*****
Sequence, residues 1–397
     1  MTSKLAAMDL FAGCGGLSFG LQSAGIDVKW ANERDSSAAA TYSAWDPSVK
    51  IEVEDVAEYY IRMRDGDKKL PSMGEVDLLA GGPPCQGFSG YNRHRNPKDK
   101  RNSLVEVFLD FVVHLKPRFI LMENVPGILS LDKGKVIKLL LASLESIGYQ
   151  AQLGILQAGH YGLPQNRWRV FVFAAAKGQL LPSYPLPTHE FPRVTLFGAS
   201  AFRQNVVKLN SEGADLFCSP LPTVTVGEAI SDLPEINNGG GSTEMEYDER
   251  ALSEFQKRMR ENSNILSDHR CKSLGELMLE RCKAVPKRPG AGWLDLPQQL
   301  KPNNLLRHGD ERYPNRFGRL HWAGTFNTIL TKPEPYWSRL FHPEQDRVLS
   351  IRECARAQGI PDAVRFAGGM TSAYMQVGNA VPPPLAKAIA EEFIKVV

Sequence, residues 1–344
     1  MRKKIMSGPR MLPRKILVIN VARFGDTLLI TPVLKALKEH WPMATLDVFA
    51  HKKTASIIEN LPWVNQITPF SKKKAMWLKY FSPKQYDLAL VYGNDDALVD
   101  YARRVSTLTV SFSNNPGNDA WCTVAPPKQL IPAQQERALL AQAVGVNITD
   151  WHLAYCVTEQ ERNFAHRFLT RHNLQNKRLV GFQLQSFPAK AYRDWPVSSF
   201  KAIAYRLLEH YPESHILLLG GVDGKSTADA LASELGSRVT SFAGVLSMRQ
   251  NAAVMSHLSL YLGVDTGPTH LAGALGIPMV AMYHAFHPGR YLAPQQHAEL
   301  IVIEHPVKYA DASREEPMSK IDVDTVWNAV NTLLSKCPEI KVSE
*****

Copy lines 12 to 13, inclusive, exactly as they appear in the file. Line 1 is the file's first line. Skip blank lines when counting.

    51  HKKTASIIEN LPWVNQITPF SKKKAMWLKY FSPKQYDLAL VYGNDDALVD
   101  YARRVSTLTV SFSNNPGNDA WCTVAPPKQL IPAQQERALL AQAVGVNITD